Now, it is very hard to hide that something has happened to this hoop, right? It is different before and after I punched it. The seal is broken, and unless we change the plastic, it won't get back to its intact state. So if we wanted to do a virginity check on this hoop right here, right now, that would be very easy. It's easy to say that this hoop is not a virgin anymore.
But the hymen is nothing like a piece of plastic you can wrap around your food, or a seal. In fact...it's more like this—a scrunchie or a rubber band. The hymen is a rim of tissue at the outer opening of the vagina. And usually, it has a doughnut or a half-moon shape with a large, central hole. But this varies a lot, and sometimes hymens can have fringes, it can have several holes, or it can consist of lobes. In other words, hymens naturally vary a lot in looks, and that is what makes it so hard to do a virginity check.
Now that we know a bit more about the hymen's anatomy, it's time to get back to our two myths: virgins bleed, hymens are lost forever. But the hymen doesn't have to break at all. The hymen is like a scrunchie in function as well as in looks. And you can stretch a scrunchie, right?
You can stretch a hymen, too. In fact, it's very elastic. And for a lot of women, the hymen will be elastic enough to handle a vaginal intercourse without sustaining any damage. For other women, the hymen may tear a bit to make room for the penis, but that won't make it disappear. But it may look a bit different from before.
It naturally follows that you can't examine the hymen to check for virginity status. This was noted over 100 years ago in 1906 by the Norwegian doctor Marie Jeancet. She examined a middle-aged sex worker and concluded that her genitalia were reminiscent of a teenage virgin. But that makes sense, right? Because if her hymen was never damaged during sex, then what were we expecting to see?
Since hymens come in every shape and form, it is difficult to know if a dent or a fold in it is there because of previous damage or if it's just a normal anatomical variant. The absurdity of virgin testing is illustrated in a study done on 36 pregnant teenagers. When doctors examined their hymens, they could only find clear signs of penetration in two out of the 36 girls. So unless you believe in 34 cases of virgin births—we must all agree that also our second myth has taken a vital blow. You simply cannot look a woman between her legs and read her sexual story.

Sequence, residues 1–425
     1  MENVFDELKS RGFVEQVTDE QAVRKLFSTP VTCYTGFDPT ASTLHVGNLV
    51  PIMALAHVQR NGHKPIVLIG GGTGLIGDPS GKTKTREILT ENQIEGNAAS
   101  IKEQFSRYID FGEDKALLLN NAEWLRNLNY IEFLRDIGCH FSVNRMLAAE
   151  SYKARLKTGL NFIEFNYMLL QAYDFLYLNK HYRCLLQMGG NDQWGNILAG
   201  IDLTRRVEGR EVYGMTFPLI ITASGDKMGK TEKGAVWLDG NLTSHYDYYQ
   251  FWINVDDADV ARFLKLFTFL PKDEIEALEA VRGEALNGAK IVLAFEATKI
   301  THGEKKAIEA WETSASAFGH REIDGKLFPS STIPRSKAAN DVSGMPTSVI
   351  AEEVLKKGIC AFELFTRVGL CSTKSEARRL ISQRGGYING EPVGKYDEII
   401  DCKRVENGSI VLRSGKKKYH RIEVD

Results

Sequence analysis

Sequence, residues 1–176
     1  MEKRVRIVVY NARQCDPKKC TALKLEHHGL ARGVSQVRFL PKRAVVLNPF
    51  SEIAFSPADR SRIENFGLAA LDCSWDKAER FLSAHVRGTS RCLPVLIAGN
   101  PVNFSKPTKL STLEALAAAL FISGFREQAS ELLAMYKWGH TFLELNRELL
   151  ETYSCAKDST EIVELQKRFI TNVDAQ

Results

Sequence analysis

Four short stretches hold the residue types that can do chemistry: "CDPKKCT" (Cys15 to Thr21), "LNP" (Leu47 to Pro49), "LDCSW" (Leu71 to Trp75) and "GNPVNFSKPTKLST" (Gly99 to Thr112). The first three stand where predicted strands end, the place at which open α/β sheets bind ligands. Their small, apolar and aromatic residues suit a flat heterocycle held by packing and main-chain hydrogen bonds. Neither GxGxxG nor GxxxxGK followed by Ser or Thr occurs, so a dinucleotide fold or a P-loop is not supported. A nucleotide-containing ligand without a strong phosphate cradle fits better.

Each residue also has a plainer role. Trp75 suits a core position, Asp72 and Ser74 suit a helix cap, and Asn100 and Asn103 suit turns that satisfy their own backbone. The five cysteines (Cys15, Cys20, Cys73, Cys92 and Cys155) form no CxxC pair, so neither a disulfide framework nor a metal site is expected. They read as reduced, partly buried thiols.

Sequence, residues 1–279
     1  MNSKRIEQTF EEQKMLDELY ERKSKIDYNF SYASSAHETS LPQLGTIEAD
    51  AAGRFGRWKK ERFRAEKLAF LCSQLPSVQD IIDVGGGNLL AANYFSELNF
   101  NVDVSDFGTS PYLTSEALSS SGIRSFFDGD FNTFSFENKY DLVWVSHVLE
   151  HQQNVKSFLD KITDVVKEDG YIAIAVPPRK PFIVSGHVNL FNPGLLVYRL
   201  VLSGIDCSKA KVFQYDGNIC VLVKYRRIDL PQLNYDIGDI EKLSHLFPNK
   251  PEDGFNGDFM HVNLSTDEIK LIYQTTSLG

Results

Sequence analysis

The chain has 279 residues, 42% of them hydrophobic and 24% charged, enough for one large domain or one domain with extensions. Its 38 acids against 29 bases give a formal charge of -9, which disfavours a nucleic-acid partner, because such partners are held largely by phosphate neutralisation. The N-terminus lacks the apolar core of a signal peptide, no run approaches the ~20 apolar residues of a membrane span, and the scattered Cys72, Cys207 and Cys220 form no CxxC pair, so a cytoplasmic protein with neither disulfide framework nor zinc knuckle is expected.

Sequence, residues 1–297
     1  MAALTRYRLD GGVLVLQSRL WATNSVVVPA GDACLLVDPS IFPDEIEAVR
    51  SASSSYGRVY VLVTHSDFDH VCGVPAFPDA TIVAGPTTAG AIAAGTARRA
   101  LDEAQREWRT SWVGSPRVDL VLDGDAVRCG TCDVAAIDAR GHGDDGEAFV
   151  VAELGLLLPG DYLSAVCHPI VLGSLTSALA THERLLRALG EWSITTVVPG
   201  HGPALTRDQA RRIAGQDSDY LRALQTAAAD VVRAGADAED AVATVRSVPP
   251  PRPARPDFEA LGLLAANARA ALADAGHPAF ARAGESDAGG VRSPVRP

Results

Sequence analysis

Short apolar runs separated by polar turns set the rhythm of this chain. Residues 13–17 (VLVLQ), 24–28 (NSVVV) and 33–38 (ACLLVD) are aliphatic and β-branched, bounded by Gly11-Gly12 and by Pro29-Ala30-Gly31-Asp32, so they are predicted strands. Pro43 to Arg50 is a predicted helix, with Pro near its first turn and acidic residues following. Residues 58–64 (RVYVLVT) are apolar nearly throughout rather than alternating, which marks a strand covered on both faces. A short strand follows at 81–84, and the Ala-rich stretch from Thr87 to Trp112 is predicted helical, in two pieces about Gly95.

Like most myths, the myths about the hymen are untrue. There is no virgin seal that magically disappears after sex, and half of virgins can easily have sex without bleeding. We wish we could say that by removing these myths, everything would be OK, that shame, harm and honor killings would all just disappear. But of course, it's not that simple. Sexual oppression of women comes from something much deeper than a simple anatomical misunderstanding about the properties of the hymen. It's a question of cultural and religious control of women's sexuality. And that is much harder to change. But we must try.
As medical professionals, this is our contribution. We want every girl, parent and [future] husband to know what the hymen is and how it works. We want them to know that the hymen can't be used as a proof of virginity. And that way, we can remove one of the most powerful tools used to control young women today. After telling you this, you may wonder what the alternative is, for if we cannot use the hymen as a proof of virginity for women, then what should we use? We opt for using nothing.
If you—If you really want to know if a woman is a virgin or not, ask her.
But how she answers that question is her choice.